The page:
Our study involves both AGYW, small drug shops, and regional medical and pharmacy leadership in the development and design of our trial as detailed in the Intervention design, theoretical foundation and pilot study section. Further, our study has convened three regional Youth Advisory Boards to provide feedback and input on study launch, the development of study tools and the eventual interpretation of study results; they will convene regularly until study results are finalised and disseminated.

Provisions for post-trial care

There are no anticipated harms or compensation for trial participation. There are no plans for any post-trial care.


Innovative interventions are urgently needed to reduce the disproportionate risk of HIV acquisition and unplanned pregnancy among AGYW in East Africa. Previous community-based studies have focused on community health centres to improve adolescent access and individual behavioural factors, using community-based peer navigators and extensive educational programmes to reach AGYW.57 This study builds upon this body of work by integrating drug shops as providers of SRH care and education while still partnering with community health centres in a differentiated model of care. Our study combines concepts from a comprehensive, youth-focused, HCD process,47 an integrated conceptual framework for behaviour change rooted in behavioural economics,46 and epidemiological methodologies to scale and evaluate the Malkia Klabu Programme. Our pilot study demonstrated strong results on HIVST kit and contraceptive distribution and referrals to care among AGYW.48 If proven efficacious at scale, we will have demonstrated that ADDO shops, which are already ubiquitous in Tanzania and provide basic health services in rural settings, can also serve as integral actors in the prevention of HIV and unplanned pregnancy for AGYW. This would simplify further scaling at a national level or transference of the intervention to beyond Tanzanian where small drug shops equipped with basic, but essential commodities (condoms, emergency contraception, etc) are equally ubiquitous, to transform health services for and reduce disparities in sexual health outcomes among AGYW.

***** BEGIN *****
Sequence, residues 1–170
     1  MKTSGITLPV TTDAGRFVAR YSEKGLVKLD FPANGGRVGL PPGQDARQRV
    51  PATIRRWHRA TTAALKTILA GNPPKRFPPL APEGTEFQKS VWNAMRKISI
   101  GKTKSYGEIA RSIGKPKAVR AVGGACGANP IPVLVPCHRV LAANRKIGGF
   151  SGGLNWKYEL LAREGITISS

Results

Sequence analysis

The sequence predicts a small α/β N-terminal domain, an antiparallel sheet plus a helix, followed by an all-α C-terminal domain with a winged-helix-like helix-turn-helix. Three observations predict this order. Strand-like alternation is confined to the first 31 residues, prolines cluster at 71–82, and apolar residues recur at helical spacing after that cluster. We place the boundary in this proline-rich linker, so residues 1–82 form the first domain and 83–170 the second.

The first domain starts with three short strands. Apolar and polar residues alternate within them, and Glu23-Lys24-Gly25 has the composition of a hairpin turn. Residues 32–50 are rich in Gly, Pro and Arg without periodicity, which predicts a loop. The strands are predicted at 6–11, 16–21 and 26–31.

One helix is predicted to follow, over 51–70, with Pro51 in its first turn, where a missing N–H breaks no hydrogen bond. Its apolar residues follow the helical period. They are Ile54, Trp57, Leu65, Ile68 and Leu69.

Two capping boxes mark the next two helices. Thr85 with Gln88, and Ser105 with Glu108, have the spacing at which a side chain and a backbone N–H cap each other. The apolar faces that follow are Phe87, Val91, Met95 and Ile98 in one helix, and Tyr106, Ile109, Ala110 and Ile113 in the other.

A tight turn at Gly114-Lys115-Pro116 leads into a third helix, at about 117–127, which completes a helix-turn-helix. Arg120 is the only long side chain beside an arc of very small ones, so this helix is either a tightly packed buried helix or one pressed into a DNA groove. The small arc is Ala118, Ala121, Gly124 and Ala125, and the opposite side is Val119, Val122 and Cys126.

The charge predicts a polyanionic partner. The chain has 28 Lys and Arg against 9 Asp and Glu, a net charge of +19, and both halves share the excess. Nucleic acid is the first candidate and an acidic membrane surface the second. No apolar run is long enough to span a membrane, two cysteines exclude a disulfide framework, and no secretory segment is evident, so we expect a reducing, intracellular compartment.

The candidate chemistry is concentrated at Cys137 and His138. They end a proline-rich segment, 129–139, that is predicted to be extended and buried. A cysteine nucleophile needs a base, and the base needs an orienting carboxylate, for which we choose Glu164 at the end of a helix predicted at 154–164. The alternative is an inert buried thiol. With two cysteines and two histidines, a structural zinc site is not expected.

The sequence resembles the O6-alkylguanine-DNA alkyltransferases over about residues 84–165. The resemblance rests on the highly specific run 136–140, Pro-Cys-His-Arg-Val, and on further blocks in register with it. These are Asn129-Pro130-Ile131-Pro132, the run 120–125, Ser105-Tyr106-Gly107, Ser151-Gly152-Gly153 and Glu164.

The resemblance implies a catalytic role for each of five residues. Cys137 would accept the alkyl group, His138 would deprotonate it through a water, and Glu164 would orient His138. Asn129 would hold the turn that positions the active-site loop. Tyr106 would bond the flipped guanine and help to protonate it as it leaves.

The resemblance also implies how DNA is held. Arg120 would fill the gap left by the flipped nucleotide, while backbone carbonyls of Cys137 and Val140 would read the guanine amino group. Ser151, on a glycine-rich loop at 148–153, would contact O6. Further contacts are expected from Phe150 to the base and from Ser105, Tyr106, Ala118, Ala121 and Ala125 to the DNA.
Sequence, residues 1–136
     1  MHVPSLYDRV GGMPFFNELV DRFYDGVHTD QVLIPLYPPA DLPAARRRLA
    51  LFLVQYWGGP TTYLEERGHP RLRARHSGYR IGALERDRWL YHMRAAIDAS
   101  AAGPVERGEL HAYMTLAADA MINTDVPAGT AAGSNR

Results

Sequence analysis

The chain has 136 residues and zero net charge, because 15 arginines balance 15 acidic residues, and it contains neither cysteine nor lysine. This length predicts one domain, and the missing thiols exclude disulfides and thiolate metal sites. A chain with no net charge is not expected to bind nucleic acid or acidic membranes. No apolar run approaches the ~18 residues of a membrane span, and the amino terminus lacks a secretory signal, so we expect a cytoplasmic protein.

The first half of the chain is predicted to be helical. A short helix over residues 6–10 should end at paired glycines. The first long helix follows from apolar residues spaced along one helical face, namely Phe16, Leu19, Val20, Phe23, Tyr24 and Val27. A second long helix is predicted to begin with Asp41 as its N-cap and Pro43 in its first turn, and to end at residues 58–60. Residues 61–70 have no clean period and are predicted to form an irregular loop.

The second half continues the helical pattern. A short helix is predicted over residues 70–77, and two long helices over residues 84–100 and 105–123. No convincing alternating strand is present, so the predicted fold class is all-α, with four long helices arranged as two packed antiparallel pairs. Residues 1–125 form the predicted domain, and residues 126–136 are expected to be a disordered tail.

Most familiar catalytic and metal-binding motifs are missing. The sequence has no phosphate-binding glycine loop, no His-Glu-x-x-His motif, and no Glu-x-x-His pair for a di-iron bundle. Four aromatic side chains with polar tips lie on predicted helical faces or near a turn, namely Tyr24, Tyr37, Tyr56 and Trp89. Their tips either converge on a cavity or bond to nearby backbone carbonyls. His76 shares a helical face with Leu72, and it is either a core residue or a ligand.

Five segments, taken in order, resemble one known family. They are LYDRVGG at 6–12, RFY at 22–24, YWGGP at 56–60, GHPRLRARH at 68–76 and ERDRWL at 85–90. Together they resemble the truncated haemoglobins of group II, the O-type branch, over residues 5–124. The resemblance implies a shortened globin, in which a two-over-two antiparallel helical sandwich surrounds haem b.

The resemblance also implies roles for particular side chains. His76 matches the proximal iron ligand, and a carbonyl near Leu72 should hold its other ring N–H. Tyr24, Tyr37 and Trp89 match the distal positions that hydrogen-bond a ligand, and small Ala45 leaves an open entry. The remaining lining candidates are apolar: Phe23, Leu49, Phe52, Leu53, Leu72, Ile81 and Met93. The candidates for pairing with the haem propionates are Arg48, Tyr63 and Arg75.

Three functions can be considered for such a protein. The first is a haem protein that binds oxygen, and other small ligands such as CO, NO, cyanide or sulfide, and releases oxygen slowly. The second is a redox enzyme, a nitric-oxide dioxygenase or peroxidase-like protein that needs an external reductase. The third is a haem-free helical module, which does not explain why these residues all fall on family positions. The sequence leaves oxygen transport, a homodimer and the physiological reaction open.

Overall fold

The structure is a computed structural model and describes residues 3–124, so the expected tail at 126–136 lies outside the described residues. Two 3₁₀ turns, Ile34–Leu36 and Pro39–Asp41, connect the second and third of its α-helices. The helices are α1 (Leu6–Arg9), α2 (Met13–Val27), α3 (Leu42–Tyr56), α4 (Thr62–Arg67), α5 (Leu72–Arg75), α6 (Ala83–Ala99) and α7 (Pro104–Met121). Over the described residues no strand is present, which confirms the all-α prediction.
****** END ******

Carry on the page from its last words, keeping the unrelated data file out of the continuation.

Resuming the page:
Our study has several features purposely designed to facilitate its implementation and eventual scaling. Shopkeepers will use Maisha Meds, a point-of-sales tablet-based application to manage inventory and sales data. This technology integration will simultaneously promote small business management while facilitating data collection and tracking, and will be an essential component of future, scaled versions of Malkia Klabu, which may be used to channel essential commodities supplied by public sector programmes. Further, our study team has convened three regional Youth Advisory Boards with AGYW who regularly provide feedback on study activities, review enrolment and to provide feedback on implementation challenges throughout the study rollout; this is in direct alignment with the Quality Standards Framework for adolescent SRH interventions.58 Based on feedback from health facility staff and the pilot study Youth Advisory Board, this study will work with the enrolled health facilities to develop a comprehensive differentiated care model that involves existing peer navigators and facility counsellors. Specifically, AGYW products sold at ADDOs will contain referrals to trained peer navigators and girl-friendly providers by name who will be trained to provide next-level services (eg, HIV confirmatory testing, LARC) not offered by ADDOs. Finally, our study is a rigorous evaluation of the scaling of an HCD-derived intervention47 infused with concepts from behavioural economics that has already demonstrated preliminary effectiveness48 and has metrics tied to a clear impact pathway; there are few such evaluations.